WASHINGTON — Defense Secretary Robert Gates on Thursday reassured U.S. warfighters in Iraq that allowing gays to serve openly in the military will have little impact on the armed forces, an argument largely echoed by the top leaders of the Army, Air Force, Marines and Navy.
Visiting troops at Camp Liberty in Baghdad, Gates was asked when repeal of the 17-year-old policy commonly known as “don’t ask, don’t tell” would occur and what its effect would be.
“My guess is you won’t see much change at all because the whole thrust of the training is you’re supposed to go on treating everybody like you’re supposed to be treating everybody now, with dignity, respect and discipline,” Gates told the troops. “And the same kind of military discipline that applies to — and regulations that apply to heterosexual relationships — will apply in terms of homosexual relationships.”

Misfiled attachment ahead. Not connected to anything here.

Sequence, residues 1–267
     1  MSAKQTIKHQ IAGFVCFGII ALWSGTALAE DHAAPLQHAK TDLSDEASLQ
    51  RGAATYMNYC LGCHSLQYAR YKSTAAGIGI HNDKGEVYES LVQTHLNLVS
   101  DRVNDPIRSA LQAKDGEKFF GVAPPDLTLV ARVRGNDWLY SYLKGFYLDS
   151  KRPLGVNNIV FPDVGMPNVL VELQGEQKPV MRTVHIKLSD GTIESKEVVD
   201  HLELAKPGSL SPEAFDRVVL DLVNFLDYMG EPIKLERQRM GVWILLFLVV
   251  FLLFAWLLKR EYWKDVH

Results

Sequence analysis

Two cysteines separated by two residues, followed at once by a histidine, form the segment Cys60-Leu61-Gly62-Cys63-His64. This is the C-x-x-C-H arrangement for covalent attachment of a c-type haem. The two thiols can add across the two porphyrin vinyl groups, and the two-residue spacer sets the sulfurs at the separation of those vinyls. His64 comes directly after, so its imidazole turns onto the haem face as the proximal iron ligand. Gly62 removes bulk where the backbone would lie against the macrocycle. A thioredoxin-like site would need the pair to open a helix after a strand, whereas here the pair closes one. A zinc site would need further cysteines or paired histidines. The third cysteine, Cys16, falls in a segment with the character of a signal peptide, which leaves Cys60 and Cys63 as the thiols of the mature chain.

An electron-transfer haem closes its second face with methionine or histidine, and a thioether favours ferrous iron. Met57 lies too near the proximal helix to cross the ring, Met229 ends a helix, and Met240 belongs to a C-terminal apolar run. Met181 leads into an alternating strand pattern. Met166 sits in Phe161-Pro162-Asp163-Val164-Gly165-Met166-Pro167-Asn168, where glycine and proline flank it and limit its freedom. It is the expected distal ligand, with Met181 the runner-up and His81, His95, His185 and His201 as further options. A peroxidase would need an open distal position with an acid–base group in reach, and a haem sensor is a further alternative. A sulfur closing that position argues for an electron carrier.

In Washington, leaders from the four services testified before the House Armed Services Committee on the implementation of the new policy. Several expressed reservations last December when a divided Congress voted to repeal the law and President Barack Obama signed the legislation.
The repeal did not occur immediately as training and certification by the department were required before the ban is lifted. Training for the service members began around March 1 and is slated to be finished by summer’s end.